Effects of Hurricane Ivan in Jamaica
|Category 4 hurricane (SSHS)|
Satellite image of Hurricane Ivan passing south of Jamaica
|Highest winds||1-minute sustained:
150 mph (240 km/h)
|Damage||$360 million (2004 USD)|
|Part of the 2004 Atlantic hurricane season|
The effects of Hurricane Ivan in Jamaica were among the worst from a tropical cyclone in the island's recorded history. Hurricane Ivan formed as a Cape Verde-type hurricane in early September 2004 and became the ninth named storm, the sixth hurricane, and the fourth major hurricane of the year. Ivan reached Category 5 strength on the Saffir-Simpson Hurricane Scale, the strongest possible category. Ivan became the sixth most intense Atlantic hurricane on record. In Jamaica, the storm caused severe damage which left 18,000 people homeless. An estimated 17 people on the island were killed by Ivan.
On September 12, 2004, a hurricane watch was issued for the island. The next day, that advisory was upgraded to a hurricane warning, as hurricane conditions had become more imminent. By 1500 UTC on September 12, all tropical cyclone watches and warnings were discontinued for Jamaica. About 500,000 Jamaicans were told to evacuate from coastal areas, P.J. Patterson, Prime Minister, declared a public emergency. According to Patterson, the island had to "prepare for the worst-case scenario". Schools and churches were converted into shelters, and the national blood bank requested residents to donate blood, in anticipation of potential injuries. By September 10, over 1,000 individual shelters were set up throughout the country. The Jamaican Government urged off-duty corrections officers to report to work. Air Jamaica canceled all flights to and from the island, as well as inter-island flights; aircraft were transported to the United States until the storm passed. The Mennonite Central Committee designated the equivalence of $20,000 USD for assisting with potential damage. Businesses in Kingston were closed, and fishermen secured their boats to trees. Workers boarded up windows, and grocery stores remained open later than normal to allow for residents to purchase supplies.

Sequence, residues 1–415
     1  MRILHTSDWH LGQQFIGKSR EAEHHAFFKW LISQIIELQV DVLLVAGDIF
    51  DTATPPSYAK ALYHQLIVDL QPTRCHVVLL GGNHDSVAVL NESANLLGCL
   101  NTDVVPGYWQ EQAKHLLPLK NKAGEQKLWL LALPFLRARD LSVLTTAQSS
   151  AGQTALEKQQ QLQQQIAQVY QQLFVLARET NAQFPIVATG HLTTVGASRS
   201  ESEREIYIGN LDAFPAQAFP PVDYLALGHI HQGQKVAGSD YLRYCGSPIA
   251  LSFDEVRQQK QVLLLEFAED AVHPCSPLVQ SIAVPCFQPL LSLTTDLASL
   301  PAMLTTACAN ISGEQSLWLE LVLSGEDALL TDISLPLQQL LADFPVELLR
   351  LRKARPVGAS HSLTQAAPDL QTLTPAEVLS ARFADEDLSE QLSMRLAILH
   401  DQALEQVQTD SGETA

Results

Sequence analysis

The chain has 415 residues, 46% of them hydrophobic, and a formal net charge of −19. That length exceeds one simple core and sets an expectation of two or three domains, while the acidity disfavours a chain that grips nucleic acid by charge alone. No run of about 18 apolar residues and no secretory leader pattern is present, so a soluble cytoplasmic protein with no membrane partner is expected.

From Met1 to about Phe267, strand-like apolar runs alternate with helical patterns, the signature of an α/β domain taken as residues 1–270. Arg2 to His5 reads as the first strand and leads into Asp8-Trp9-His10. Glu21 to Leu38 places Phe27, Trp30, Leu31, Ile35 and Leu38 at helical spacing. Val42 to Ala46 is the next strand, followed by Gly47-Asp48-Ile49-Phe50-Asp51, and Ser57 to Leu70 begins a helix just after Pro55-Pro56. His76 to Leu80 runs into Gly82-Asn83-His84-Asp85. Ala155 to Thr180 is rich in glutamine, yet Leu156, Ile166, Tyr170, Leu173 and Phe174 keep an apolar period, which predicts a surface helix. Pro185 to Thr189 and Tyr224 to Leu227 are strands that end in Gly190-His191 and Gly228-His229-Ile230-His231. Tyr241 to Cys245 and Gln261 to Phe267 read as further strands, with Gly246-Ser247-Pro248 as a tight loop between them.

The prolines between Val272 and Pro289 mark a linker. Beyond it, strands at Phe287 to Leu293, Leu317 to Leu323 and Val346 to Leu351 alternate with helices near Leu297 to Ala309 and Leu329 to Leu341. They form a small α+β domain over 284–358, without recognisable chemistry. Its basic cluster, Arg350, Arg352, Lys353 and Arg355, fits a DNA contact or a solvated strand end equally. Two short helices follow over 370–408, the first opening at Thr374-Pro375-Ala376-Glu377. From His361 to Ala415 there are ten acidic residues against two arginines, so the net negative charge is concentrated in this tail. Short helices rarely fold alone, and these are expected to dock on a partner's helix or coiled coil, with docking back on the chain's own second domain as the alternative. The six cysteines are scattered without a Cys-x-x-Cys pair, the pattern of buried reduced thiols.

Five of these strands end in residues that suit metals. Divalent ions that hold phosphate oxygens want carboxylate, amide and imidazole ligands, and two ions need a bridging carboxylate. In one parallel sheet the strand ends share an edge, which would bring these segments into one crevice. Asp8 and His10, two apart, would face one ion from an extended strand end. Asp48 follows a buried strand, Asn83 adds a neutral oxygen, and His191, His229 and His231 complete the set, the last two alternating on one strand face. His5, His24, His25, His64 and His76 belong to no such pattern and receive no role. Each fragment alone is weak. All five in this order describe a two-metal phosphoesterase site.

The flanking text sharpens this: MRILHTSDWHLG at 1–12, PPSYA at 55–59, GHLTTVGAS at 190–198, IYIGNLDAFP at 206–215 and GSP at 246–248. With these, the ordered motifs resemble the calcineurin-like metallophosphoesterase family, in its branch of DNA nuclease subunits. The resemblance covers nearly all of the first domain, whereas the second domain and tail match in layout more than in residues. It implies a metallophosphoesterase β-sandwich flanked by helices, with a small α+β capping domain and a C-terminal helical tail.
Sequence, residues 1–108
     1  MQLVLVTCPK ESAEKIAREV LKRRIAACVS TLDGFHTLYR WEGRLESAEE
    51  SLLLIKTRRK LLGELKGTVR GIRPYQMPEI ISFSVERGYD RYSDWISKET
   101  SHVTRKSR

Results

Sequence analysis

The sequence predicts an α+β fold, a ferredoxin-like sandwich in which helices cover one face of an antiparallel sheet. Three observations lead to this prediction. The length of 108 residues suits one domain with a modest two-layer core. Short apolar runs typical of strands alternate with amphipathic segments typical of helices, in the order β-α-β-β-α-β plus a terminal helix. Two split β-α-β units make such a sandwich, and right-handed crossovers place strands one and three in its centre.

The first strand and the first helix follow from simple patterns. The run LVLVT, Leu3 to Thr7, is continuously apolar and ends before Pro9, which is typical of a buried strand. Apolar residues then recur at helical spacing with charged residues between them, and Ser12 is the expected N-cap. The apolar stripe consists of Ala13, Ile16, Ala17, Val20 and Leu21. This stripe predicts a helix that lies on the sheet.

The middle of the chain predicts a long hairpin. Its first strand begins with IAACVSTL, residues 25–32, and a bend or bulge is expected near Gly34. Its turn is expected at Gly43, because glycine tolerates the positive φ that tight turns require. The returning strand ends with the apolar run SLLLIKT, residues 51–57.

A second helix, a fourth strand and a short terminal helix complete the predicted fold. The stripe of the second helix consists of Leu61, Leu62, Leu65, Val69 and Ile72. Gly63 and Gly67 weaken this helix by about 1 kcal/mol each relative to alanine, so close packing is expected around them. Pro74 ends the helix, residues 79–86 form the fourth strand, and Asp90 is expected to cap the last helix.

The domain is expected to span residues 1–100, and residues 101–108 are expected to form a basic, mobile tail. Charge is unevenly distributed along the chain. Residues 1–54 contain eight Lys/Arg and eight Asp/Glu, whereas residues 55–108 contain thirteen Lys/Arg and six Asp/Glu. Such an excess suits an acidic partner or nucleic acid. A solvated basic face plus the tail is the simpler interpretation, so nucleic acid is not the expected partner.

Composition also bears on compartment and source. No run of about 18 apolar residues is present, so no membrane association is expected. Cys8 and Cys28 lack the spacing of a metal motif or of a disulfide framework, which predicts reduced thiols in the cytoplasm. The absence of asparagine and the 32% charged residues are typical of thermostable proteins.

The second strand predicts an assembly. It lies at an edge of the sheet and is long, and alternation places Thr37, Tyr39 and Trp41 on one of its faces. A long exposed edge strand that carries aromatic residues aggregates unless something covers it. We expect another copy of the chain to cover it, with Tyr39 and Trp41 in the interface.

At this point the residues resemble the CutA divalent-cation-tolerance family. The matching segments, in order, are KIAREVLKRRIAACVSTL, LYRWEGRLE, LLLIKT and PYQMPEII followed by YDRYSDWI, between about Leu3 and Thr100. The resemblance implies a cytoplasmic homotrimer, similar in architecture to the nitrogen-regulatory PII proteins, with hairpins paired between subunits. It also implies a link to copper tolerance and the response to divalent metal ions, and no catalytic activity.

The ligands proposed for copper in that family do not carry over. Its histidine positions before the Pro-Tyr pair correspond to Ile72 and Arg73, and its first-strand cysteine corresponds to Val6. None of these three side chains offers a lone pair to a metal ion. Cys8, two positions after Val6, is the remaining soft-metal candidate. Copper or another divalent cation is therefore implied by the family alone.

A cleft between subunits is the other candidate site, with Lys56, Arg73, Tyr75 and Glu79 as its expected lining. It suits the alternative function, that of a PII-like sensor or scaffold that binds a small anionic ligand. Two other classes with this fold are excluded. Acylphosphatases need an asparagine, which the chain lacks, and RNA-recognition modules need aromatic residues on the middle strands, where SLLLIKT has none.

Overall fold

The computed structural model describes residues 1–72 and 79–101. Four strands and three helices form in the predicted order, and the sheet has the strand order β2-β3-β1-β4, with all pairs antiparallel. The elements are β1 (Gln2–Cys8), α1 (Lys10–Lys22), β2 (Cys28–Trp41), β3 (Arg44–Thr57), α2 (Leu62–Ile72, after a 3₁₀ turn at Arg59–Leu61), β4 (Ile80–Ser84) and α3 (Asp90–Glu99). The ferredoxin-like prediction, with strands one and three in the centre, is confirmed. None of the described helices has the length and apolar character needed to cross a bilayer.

On September 11 and September 12, the center of Ivan passed near Jamaica. High winds and heavy rainfall affected the island, causing significant wind and flood damage. The storm was described as one of the most intense hurricanes in Jamaica's recorded history. Rainfall exceeded 35 inches (0.89 m) in some places. At Ritchies, 28.37 in (720.8 mm) of rain was reported, and 27.92 in (709.4 mm) fell at Mavis Bank. In southern parishes, rainfall data was were lost due to damage to rain gauges. Doppler radar velocity data estimated that winds of 112 miles per hour (180 km/h) affected the island. Pedro Bank, to the southwest of Jamaica, reported a 10-minute average wind of 133 miles per hour (214 km/h). Ivan caused severe damage, damaging and destroying houses, and triggering mudslides that washed out roads. In Kingston, the winds downed trees and poles and caused flooding. In Montego Bay, the Barnett River overflowed its banks; businesses were flooded with up to 4 feet (1.2 m) of water. Roads suffered flooding, and part of the A1 Road, the primary northern coastal highway, was washed away. Along the coast, 23 ft (7.0 m) were reported, and in Kingston, several large trees were brought down. Tiles on the Jamaica Pegasus Hotel were blown off and broken, and waves flooded a causeway to an airport near Kingston that was closed and evacuated.
Due to a shift Ivan's track, the capital city of Kingston was spared from extreme damage. However, flooding in the city was deemed a "major catastrophe". Some roads throughout the region were left impassible due to downed trees and utility poles. The majority of tourism and resort areas suffered "mainly cosmetic damage and all structures remained primarily intact". In the aftermath of the storm, looters were reported roaming the streets of Jamaica's capital city, Kingston, robbing emergency workers at gunpoint. Overall, 17 people were killed in Jamaica and 18,000 people were left homeless as a result of the flood waters and high winds. Damage on the island totaled US$360 million (2004 USD).
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- United States Department of State. U.S. Gives Jamaica $450,000 for School Equipment and Supplies. Retrieved on 2005-02-16.